You may have a terrific HR team that’s quick to respond to employee concerns, delivers information to employees efficiently, and understands the humans who work for your company truly are its best resource. But if you’re looking to really uplevel your HR game, you may consider bringing an ombuds on board.
What Is an Ombuds?
The word “ombudsman,” a Scandinavian term meaning “representative,” may be completely new to you. An ombuds, according to the International Ombuds Association, is “an individual who serves as a designated neutral within a specific organization and provides conflict resolution and problem-solving services to members of the organization (internal ombuds) and/or for clients or customers of the organization (external ombuds).”
Basically, an ombuds is a person you bring in to help your organization with a crisis or an issue. This person can speak with employees, create reports, and help upper management understand their company better. Ombuds first began popping up in the 1960s and 1970s but are used more and more frequently in hundreds of organizations worldwide.
Why Would You Need an Ombuds?
You may be wondering why, if your HR team is performing well, you’d need an ombuds. There are multiple reasons a business may be interested in bringing in an ombuds, even with a great HR team.
HR professionals’ role isn’t completely neutral. They fit into the structure of a company and report to a CEO or president. They’re tasked with protecting the organization, and at the end of the day, there are times when an employee’s needs and a company’s needs may conflict in unforeseen ways. There are times when neutrality is needed, and that simply isn’t something you’re typically able to get from an HR department.
HR also doesn’t need to keep total confidentiality. If someone reports a problem to HR, they’re able to bring that problem up to the offending person. At times, that may be the right decision. But at other times, a person may really desire confidentiality. HR teams report to higher-ups; when asked to report what’s going on, they’re required to do so.
The same isn’t true for ombuds, who are able to keep things completely confidential if it’s in the best interest of the employees. Ombuds are able to report issues to management without giving away who made reports, which can help managers focus on bigger, more consistent issues in their organization without getting bogged down by bias and interpersonal conflicts.
These restrictions on an HR professional’s role can lead to conflict in an organization an ombuds can help with. HR teams are focused on crafting policy; an ombuds is more focused on responding to flare-ups when those policies aren’t being carried out properly.
An ombuds and an HR team should work together in a partnership, providing multiple places employees can come to with problems. When ombuds and HR professionals work together, a company can solve problems from multiple angles and tackle small issues before they turn into major problems.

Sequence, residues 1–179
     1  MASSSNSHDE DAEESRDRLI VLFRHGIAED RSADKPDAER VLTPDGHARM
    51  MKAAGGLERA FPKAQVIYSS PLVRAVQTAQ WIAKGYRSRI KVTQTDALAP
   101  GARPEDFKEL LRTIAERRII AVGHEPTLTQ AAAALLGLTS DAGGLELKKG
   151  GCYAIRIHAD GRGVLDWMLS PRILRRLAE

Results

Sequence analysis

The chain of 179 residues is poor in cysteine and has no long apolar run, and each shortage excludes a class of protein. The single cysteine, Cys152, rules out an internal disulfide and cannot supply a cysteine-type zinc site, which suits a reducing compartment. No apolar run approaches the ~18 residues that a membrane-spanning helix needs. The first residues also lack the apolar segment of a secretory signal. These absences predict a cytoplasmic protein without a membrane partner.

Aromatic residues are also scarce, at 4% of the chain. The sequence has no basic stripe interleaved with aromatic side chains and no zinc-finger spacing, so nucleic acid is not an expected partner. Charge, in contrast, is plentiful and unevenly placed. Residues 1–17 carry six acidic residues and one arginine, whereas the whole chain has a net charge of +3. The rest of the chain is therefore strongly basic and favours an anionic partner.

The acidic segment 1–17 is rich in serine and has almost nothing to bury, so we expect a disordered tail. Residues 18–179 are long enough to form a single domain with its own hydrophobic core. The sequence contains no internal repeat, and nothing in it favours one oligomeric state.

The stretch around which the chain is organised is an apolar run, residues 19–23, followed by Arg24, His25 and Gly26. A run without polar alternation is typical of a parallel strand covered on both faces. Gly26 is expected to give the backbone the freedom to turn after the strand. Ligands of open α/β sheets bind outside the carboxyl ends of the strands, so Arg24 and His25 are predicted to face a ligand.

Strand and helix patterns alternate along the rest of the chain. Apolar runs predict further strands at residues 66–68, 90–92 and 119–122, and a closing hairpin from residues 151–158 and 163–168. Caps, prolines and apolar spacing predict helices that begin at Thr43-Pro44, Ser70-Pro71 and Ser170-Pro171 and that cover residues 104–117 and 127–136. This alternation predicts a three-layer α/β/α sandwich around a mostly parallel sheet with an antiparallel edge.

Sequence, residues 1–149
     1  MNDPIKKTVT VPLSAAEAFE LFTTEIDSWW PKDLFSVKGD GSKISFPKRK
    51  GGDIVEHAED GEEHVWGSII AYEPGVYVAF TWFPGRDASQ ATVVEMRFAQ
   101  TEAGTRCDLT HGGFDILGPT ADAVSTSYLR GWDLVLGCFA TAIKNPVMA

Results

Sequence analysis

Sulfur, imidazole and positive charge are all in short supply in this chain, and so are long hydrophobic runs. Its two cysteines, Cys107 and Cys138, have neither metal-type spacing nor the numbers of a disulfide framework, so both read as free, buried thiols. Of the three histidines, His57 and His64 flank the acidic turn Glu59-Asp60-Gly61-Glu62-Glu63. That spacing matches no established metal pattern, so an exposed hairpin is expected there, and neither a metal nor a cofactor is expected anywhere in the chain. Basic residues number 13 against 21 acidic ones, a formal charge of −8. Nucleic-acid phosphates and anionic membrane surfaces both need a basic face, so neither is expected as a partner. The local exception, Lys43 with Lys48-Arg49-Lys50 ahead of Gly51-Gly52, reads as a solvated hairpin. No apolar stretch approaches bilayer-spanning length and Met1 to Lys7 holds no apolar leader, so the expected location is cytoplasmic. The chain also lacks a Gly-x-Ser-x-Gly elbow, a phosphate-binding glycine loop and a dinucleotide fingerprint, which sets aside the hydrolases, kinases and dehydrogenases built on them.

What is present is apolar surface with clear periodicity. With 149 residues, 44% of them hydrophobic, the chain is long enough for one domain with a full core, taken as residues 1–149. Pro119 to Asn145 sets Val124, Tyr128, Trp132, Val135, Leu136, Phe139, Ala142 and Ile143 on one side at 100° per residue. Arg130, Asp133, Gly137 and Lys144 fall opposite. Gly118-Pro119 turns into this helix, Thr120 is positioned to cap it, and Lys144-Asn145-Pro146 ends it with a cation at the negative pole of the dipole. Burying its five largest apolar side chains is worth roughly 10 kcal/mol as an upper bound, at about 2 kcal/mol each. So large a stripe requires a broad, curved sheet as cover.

If you have an inner-office conflict that seems small but continues to fester, HR teams may not help solve the problem. Perhaps they want to but aren’t able to see all the perspectives due to their non-neutrality, or perhaps the specific professionals involved aren’t trained on the particular issue at hand.
Either way, if you find your company is dealing with a long-festering issue, an ombuds can make a huge difference.
What Are the Benefits of an Ombuds?
Organizational ombuds come with many benefits. For starters, ombuds can humanize an organization by being a presence outside an official HR team employees can approach. Their commitment to complete neutrality makes them great conflict mediators because employees may have issues with people in their direct line of command that they don’t feel comfortable bringing to HR.
An ombuds can also ease the stress on HR’s shoulders. If your company is in a time of transition and your HR team feels overwhelmed by requests and demands, an ombuds is able to lighten their load. Ombuds have conflict resolution training, as well, leading to fewer inner-office conflicts and more constructive partnerships.
In addition to making reports and helping escalate difficulties to upper management, they’re able to coach employees on things like communication and conflict resolution to prevent problems in the future.
What Are the Different Types of Ombuds?
There are many different types of ombuds, which you can learn more about at the International Ombuds Organization and include classical ombuds, advocate ombuds, hybrid ombuds, executive ombuds, legislative ombuds, and media ombuds.
Each has a different role, but many of their responsibilities overlap. Which is the best fit for your organization will depend on your industry, management structure, and needs.
What Are the Downsides of an Ombuds?
Hiring an ombuds is a cost to your company. Moreover, when you provide too many places for employees to bring up issues, wires can sometimes get crossed and misunderstandings can occur.
You also want to make sure your HR team understands this isn’t someone who’s coming in to compete with them; it’s just a party that’s able to do things HR can’t because of its neutrality and confidentiality.
Lastly, ombuds’ reports and recommendations aren’t binding. Because they aren’t upper management, they aren’t necessarily able to make impactful change. It’s up to the C-suite to decide to listen to the ombuds and implement their recommendations. If they choose not to, having an ombuds quickly becomes a pointless formality instead of a helpful resource.
Is An Ombuds Right For Your Business?
That’s something only you can decide. If you feel your company is consistently dealing with conflict, your employees can’t get on the same page, and nothing your HR department has tried seems to work, it might be worth a shot.
Claire Swinarski is a Contributing Editor at HR Daily Advisor.